It started with a meeting at a trade show in 2006. It ended seven years later with all hands on deck, bailing out water and creating a man made dam to ensure an event survived. The story of Louisville, Ky., hosting the 2013 Cylco-cross World Championships also includes a bankrupt solar energy firm, a transatlantic partnership and the Army Corps of Engineers.
If you’re anything like me, you’ve never heard of cyclo-cross. The sport, which is most popular in Europe (Belgium, specifically), is a mix of hard bicycle racing, pit stops, moguls, sandpits and a party. It’s unlike anything you’ve ever seen involving bikes. Held in the winter and fall, cyclo-cross is one of the most exciting cycling sports today due to the “rain or shine” mentality and the brutal course landscape. At times, the riders have to carry their bikes up hills and ride them through sand and mud pits, all while constantly having to stop and fix anything that may go wrong with the bike (and things always go wrong).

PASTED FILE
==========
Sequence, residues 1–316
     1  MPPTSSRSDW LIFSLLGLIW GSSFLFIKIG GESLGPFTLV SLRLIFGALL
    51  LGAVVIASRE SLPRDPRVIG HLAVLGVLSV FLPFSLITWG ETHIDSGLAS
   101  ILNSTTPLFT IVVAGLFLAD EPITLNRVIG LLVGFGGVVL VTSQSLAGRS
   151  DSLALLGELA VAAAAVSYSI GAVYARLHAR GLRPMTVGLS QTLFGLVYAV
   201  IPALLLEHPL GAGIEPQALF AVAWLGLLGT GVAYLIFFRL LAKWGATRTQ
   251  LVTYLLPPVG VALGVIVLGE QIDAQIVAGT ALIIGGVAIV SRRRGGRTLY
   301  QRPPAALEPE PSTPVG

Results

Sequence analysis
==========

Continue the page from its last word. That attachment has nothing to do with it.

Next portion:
The course is unique for each event, but it’s generally between 1.5 and 2-miles in length, and the elite men’s competition doesn’t have a set time limit, but it usually takes about an hour. Organizers record the time it takes the first rider to complete the first lap (usually somewhere around the 10-minute mark), divide 60 by that number, and that’s the number of laps in the race. The consistent presence of mud-covered riders, busted bikes and a raucous crowd ensure the events are fan-favorites. The Belgian and Dutch riders have dominated the sport, but it is growing beyond that corner of Europe. The 2013 event was the first time in the history of the World Championships it had been held outside of Europe. How it came to Louisville is as much a case study in crisis management as it is event procurement.